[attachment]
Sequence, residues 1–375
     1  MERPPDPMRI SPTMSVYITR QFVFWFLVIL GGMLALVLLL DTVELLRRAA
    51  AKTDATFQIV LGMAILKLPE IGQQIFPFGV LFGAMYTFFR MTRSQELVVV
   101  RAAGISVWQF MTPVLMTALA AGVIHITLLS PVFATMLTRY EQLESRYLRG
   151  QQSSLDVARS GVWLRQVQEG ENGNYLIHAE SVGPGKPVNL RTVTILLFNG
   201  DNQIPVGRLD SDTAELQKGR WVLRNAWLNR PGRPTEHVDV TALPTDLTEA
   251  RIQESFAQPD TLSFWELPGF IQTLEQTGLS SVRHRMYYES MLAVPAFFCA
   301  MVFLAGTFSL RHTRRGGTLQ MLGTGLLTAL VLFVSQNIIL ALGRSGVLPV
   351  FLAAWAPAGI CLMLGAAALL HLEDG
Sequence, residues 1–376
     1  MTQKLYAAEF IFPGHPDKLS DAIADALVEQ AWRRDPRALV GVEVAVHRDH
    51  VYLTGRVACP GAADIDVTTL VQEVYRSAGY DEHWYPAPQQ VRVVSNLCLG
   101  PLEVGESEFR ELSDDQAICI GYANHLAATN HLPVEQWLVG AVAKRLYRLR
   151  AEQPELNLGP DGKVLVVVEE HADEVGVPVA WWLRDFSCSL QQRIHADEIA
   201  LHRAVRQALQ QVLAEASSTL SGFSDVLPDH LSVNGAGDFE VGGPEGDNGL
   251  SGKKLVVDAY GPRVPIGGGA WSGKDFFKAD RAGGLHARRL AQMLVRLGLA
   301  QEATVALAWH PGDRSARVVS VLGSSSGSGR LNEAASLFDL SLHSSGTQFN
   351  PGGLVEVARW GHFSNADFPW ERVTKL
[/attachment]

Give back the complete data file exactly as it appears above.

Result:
Sequence, residues 1–375
     1  MERPPDPMRI SPTMSVYITR QFVFWFLVIL GGMLALVLLL DTVELLRRAA
    51  AKTDATFQIV LGMAILKLPE IGQQIFPFGV LFGAMYTFFR MTRSQELVVV
   101  RAAGISVWQF MTPVLMTALA AGVIHITLLS PVFATMLTRY EQLESRYLRG
   151  QQSSLDVARS GVWLRQVQEG ENGNYLIHAE SVGPGKPVNL RTVTILLFNG
   201  DNQIPVGRLD SDTAELQKGR WVLRNAWLNR PGRPTEHVDV TALPTDLTEA
   251  RIQESFAQPD TLSFWELPGF IQTLEQTGLS SVRHRMYYES MLAVPAFFCA
   301  MVFLAGTFSL RHTRRGGTLQ MLGTGLLTAL VLFVSQNIIL ALGRSGVLPV
   351  FLAAWAPAGI CLMLGAAALL HLEDG
Sequence, residues 1–376
     1  MTQKLYAAEF IFPGHPDKLS DAIADALVEQ AWRRDPRALV GVEVAVHRDH
    51  VYLTGRVACP GAADIDVTTL VQEVYRSAGY DEHWYPAPQQ VRVVSNLCLG
   101  PLEVGESEFR ELSDDQAICI GYANHLAATN HLPVEQWLVG AVAKRLYRLR
   151  AEQPELNLGP DGKVLVVVEE HADEVGVPVA WWLRDFSCSL QQRIHADEIA
   201  LHRAVRQALQ QVLAEASSTL SGFSDVLPDH LSVNGAGDFE VGGPEGDNGL
   251  SGKKLVVDAY GPRVPIGGGA WSGKDFFKAD RAGGLHARRL AQMLVRLGLA
   301  QEATVALAWH PGDRSARVVS VLGSSSGSGR LNEAASLFDL SLHSSGTQFN
   351  PGGLVEVARW GHFSNADFPW ERVTKL